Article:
Children and Trauma

Tips for Mental Health Professionals

In their roles as clinicians, scientists, teachers, and community members, mental health professionals can make a difference in the way our society responds to child trauma. Because child trauma exposure is so pervasive, it is important for all mental health professionals to have basic knowledge of its nature, effects, and appropriate initial responses.

What Every Mental Health Professional Should Know

Many children in the U.S. are exposed to traumatic life events
  • About half experience a traumatic event (abuse, violence, terrorism, disaster, traumatic loss)

  • Many experience more than one such event

  • Many live with chronic trauma, with no time for healing between events

Almost all children experience acute distress immediately after exposure to a traumatic life event
  • Most return to prior levels of functioning with time and support from family and trusted adults

  • A substantial minority develop ongoing distress that may warrant clinical attention

  • Reactions vary with age, maturity, and exposure to chronic trauma

  • Children exposed to chronic and pervasive trauma are especially vulnerable to the impact of subsequent trauma

Parents and families are also affected, and their responses affect how children react to trauma
  • Family members can react differently to the same event

  • Developmental level and culture affect child perceptions of trauma, resources for coping, and family interactions

Most children with persistent trauma-related distress do not receive psychological treatment
  • Few trauma-exposed children with symptoms that warrant clinical attention receive services

  • Fewer still receive treatments that can be effective, such as cognitive–behavioral therapy

How Mental Health Professionals Can Help

  • Identify trauma-exposed children and provide culturally appropriate information and support

  • Help children and families make connections for follow-up and intervention

  • With special training, participate in culturally responsive community disaster and emergency response

  • Provide consultation to professionals in schools, health care settings, spiritual settings, and other service systems who see trauma-exposed children and families

  • If you treat children, obtain training in developmentally and culturally appropriate evidence-based therapies for child trauma to effectively treat children who do not recover on their own

Responding to Child Trauma

Provide education and hope
  • Convey an expectation of full recovery

  • Help child and family

    • understand expected/normal trauma reactions

    • identify and use their existing coping skills

    • know when to ask for additional help

Match care to child needs and phase of recovery

Immediately after trauma:

  • Attend first to basic needs: safety, shelter, reuniting family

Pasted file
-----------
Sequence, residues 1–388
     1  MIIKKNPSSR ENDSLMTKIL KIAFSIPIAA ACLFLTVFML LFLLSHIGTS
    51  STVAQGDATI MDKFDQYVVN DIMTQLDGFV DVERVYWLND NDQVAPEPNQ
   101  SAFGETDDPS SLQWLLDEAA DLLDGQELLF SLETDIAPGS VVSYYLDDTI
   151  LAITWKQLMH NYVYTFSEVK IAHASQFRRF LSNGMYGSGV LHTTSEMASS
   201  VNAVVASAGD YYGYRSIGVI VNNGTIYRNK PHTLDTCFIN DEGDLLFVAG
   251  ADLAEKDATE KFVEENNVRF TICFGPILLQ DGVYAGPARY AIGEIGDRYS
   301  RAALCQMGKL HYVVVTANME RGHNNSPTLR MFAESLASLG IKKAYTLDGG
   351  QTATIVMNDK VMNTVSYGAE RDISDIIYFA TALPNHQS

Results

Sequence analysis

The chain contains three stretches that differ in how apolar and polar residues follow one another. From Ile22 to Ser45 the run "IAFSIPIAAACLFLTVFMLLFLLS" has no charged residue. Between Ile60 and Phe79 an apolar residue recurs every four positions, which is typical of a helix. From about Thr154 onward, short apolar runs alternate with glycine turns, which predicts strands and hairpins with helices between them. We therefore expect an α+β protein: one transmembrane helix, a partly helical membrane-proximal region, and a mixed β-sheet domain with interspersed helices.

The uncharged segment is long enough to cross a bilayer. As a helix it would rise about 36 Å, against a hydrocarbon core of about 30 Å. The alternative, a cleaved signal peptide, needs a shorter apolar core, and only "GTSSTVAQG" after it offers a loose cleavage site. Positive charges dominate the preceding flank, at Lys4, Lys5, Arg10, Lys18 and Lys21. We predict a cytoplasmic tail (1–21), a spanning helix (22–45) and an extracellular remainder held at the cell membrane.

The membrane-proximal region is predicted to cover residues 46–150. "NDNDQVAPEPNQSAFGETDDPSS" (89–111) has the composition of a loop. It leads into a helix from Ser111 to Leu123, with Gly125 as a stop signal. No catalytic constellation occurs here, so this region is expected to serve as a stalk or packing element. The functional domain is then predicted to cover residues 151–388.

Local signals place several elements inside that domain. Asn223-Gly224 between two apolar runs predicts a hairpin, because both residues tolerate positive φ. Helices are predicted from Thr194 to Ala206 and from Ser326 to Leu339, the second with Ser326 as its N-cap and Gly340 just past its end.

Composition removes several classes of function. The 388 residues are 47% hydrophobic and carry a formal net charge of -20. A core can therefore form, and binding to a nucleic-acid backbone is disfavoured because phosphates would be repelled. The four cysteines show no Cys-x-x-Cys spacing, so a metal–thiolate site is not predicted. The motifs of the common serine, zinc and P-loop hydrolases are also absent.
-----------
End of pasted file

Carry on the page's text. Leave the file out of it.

• Assess initial responses and arrange to follow up over time

  • Support parent, family, and community efforts to:

    • provide safe, developmentally appropriate, culturally responsive recovery environment

    • reduce ongoing exposure to stressors/secondary traumas

    • reestablish normal roles and routines

    • activate support among kinship networks and spiritual and community systems

Any time after trauma:

  • Allow children to express feelings if they want to

  • Help parents and other key adults to

    • be aware of and manage their own reactions

    • listen to and understand the child's reactions

  • Assess risk factors for persistent adverse reactions

  • Assess needs that may warrant intervention, such as

    • severe or persistent distress, numbing, or impairment

    • reduced capacity of family/community to support child

    • self-destructive or violent behaviors

When treatment is warranted:

  • Provide (or refer for) effective trauma-focused treatment

  • Respect child and family readiness for treatment

  • Keep doors open for future treatment

Understand child, family, and cultural perspectives
  • Listen carefully to child and family

  • Incorporate extended families and kinship networks

  • Ask about and respect cultural and spiritual perspectives on trauma, reactions, and interventions

Take care of yourself
  • Engage in self-care: emotional, physical, and spiritual

  • Know your limits

  • Watch for signs of secondary stress or burnout (e.g., exhaustion, numbing, distancing, overinvolvement with clients)

  • Enlist consultation or supervision as needed

Be Aware of Potential Pitfalls

  • Assuming that all children will respond to trauma in the same way

  • Pathologizing early distress or reactions

  • Conveying the message that trauma exposure inevitably results in long-term psychological damage

  • Assuming that all trauma-exposed children will have long-term damage or need treatment

  • Creating situations in which trauma-exposed children have little choice or control

  • Forcing children or parents to tell their story (but remember to listen carefully when they do)

  • Ignoring your own stress from trauma-focused clinical work